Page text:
"Good meowning everyone! Welcome to the cat cafe."
With black furry ears perched on her head, wearing a sweater with a tabby printed on the front and sporting a polka dot apron, there's no mistaking which animal is Veronica Morland's favourite as she greets her customers with the first of her many cat puns.
"So that you can have a pawsome time, we have some house rules to avoid any cat...asrophes," she says.
Ms Morland, 26, founder of Sydney's first pop-up cat cafe in Paddington's William St Gallery this weekend is a self-proclaimed "crazy cat lady".
Having experienced the difficulties of owning a cat while working full-time as a commercial lawyer and renting homes that prohibits pets, Ms Morland launched the four-day temporary cafe on Thursday.
"It's a place for people who want to to own a pet but can't, come and spend time with these beautiful animals," she said.
"I think the business is really going to take off and there might be a transition to full-time crazy cat lady in the works."
For five dollars each, groups of 15 people in half hour sessions can order takeaway coffees, relax and play with kittens ranging from ages eight to 12 weeks old, donated by animal welfare charity Maggie's Rescue.
Ms Morland hopes the Sydney Cat Cafe will kickstart her campaign to raise $15,000 to assist in the opening of a permanent business in September.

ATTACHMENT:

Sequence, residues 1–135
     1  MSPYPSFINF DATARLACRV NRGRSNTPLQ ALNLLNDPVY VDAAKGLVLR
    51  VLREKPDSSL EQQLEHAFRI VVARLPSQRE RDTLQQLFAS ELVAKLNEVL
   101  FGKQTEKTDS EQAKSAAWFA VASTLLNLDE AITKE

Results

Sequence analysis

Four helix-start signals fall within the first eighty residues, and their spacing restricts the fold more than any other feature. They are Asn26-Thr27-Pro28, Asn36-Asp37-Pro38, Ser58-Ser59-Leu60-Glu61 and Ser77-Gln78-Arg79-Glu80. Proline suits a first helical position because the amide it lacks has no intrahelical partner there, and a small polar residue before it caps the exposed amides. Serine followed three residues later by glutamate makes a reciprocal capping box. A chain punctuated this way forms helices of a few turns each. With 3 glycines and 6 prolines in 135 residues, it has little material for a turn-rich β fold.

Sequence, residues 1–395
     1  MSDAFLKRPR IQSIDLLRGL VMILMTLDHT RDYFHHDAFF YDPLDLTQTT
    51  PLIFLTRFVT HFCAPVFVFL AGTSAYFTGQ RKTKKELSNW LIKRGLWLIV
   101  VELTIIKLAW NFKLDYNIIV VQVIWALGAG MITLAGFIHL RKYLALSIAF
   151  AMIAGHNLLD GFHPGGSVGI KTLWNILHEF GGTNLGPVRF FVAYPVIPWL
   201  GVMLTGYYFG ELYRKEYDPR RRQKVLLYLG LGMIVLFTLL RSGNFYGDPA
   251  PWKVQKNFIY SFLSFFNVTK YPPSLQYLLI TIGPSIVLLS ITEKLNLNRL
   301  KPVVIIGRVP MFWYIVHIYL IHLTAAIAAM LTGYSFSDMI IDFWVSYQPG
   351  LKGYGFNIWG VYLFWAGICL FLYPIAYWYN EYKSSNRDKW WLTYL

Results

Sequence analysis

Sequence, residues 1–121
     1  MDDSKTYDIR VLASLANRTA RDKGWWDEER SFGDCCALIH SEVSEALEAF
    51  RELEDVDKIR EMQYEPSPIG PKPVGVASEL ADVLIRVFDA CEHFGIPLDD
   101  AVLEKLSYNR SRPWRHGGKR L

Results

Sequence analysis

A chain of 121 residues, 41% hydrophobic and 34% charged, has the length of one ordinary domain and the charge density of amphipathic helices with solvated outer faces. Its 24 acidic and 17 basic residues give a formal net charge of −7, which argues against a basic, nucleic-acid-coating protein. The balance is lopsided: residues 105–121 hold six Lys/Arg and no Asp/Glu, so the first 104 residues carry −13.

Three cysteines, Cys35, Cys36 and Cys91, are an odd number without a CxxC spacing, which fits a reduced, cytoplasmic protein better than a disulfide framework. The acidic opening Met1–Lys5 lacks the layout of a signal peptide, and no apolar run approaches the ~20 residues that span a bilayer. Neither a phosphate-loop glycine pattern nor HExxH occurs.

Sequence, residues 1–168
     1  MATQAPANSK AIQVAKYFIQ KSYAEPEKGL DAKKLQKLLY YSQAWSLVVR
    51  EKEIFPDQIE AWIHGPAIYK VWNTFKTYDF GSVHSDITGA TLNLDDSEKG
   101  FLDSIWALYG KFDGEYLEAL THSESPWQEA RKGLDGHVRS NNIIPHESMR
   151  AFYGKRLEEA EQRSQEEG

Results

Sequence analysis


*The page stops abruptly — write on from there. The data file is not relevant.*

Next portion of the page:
But she will have some furry competition. The honours of being Sydney's first cat cafe went to the Chatswood Cat Palace in March when it added Cafe Purrfection to their grooming and boarding clinic, while the much anticipated space-themed cat cafe Catmosphere, is set to open in Surry Hills on July 24.
"I assure you there will be no cat fights, we're on very diplomatic terms with the catsronauts" Ms Morland said.
Catmosphere co-founder Thomas Derricott agrees and says there is no rivalry between the upcoming cat cafes who all operate through a "feline of love".
"Sydneysiders are crazy for cats," said Mr Derricott, who is holding an adopt-a-cat day at the Foveaux St cafe next Saturday.
"I think there's room for more cat cafes in Sydney."
Mr Derricott was inspired to open Catmosphere after visiting the original cafe in Thailand. However, while the Chiang Mai branch is a "scene of anarchy" with furry creatures roaming around the room as patrons drink and eat, Mr Derricott said stringent council regulations mean cats will be kept in separate food-free rooms, patrons will have to pass through airlock doors and animal charities ensured the business install furniture suitable for cat welfare.
The preparations though will be worth it, according to Mr Derricott.
"I think for a long time dogs have enjoyed the spotlight simply because they're flamboyant and energetic," he said.
"Cats are a lot more subtle. You really need to work for their attention however thanks to our friends on the internet a spotlight has been shone on cats and cat interest has skyrocketed."